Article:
Anderssen won the tournament, with Steinitz finishing only sixth. He was disappointed, but his participation in the great event brought consequences greater than he might have thought.

The first of these was that Steinitz would attempt to stay in London for good, which in turn enhanced his playing strength. London nestled Europe’s best players, and they offered Steinitz higher quality opposition than elsewhere if he was to improve and fulfill what was already his life purpose of climbing the chess summit. London, too, would present him a new and viable endeavor in chess journalism. The city saw chess columns flourishing in various dailies, and Steinitz would eventually find engagement as a chess writer and analyst as he became more renowned. 

 

The second consequence was that Steinitz’ frustrating finish led him to challenge the fifth-place finisher, Serafino Dubois, to a nine-game match. Dubois was a veteran Italian master who had also settled in London, but Steinitz regarded him such that he should not have finished below him.

Steinitz won this match 5-3, but far more than proving a point to himself, it opened his awareness to his strength in match play. This victory would be the first of what would come to be twenty-seven total match wins out of twenty-nine he would play from 1863 to 1894, a span of thirty-one years.

In London, Steinitz would thrive playing for stakes, low ones against wealthy clients willing to learn from him and high ones against acclaimed masters, usually in long matches.  These matches, especially, were the gladiatorial chess contests of London’s old days when each had backers who put up the stakes. Very often the players themselves threw in their share, with the result that the huge bets on every side made for very nerve-wracking encounters.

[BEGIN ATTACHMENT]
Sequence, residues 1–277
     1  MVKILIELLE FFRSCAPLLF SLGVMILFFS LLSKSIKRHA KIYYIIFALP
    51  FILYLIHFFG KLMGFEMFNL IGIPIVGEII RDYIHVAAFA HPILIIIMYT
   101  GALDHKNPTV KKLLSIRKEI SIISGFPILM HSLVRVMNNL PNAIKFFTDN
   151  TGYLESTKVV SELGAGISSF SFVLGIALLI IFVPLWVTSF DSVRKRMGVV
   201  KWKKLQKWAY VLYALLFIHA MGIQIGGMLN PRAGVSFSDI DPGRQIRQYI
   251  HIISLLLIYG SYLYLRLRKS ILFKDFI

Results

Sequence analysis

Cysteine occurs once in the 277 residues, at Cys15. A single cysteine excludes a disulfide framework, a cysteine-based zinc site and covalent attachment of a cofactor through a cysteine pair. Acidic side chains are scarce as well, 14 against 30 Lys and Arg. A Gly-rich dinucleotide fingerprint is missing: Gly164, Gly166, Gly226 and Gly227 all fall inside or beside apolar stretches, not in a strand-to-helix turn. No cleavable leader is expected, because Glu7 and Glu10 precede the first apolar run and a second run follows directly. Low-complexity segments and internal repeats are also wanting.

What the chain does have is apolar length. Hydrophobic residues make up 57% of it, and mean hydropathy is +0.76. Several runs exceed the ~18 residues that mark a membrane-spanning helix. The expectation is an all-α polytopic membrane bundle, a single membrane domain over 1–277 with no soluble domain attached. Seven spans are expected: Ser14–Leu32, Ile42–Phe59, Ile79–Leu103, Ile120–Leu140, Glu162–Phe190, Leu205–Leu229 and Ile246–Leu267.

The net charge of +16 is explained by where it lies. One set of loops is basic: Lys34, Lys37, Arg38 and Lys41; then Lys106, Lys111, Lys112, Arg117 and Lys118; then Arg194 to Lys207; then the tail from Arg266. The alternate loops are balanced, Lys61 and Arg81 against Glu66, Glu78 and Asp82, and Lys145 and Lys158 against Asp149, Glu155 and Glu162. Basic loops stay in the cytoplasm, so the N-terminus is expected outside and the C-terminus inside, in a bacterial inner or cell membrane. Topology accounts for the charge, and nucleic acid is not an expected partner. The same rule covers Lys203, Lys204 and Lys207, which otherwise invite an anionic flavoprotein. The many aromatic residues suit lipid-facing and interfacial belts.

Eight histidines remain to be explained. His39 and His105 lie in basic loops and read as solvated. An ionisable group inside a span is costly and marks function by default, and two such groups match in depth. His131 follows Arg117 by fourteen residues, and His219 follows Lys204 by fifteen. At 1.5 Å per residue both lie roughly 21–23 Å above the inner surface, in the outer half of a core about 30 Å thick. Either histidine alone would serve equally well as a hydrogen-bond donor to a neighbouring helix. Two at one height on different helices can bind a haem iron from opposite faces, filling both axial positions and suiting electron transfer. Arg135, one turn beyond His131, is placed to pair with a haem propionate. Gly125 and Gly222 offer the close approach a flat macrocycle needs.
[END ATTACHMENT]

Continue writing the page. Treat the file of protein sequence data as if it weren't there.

In this sort of high-stakes combat Steinitz beat Joseph Henry Blackburne in 1863 (8-2), and Henry Bird in 1866 (7-5), two of England’s best. Defeating them meant Steinitz had risen as London’s strongest player, a fact that had wealthy English backers craving for a match with Anderssen.

The match against Anderssen was arranged in London 1866, a grueling one that saw Steinitz victorious, 8-6 with no draws. Many would regard 1866 as the year Steinitz emerged as the world’s best, and he himself would look back to it as the year he became world champion.

As significant as his conquest of Anderssen was, however, Steinitz claim as world champion was tenuous at best. The match was tied at 6-6, and it was only by some stroke of fortune that he was able to win the last two games. In the succeeding years, he could not show clear superiority over Anderssen. Anderssen, in fact, would win the great Baden-Baden tournament of 1870, beating Steinitz in their two encounters.

Baden-Baden was one of the strongest tournaments ever, at the time. It included the best players of Germany, France, Austria, and England, and Steinitz sorely wanted to win it if only to affirm his belief that he had toppled Anderssen off his pedestal. As it turned out, however, Anderssen celebrated the most stunning achievement of his life, while Steinitz was left licking his wounds.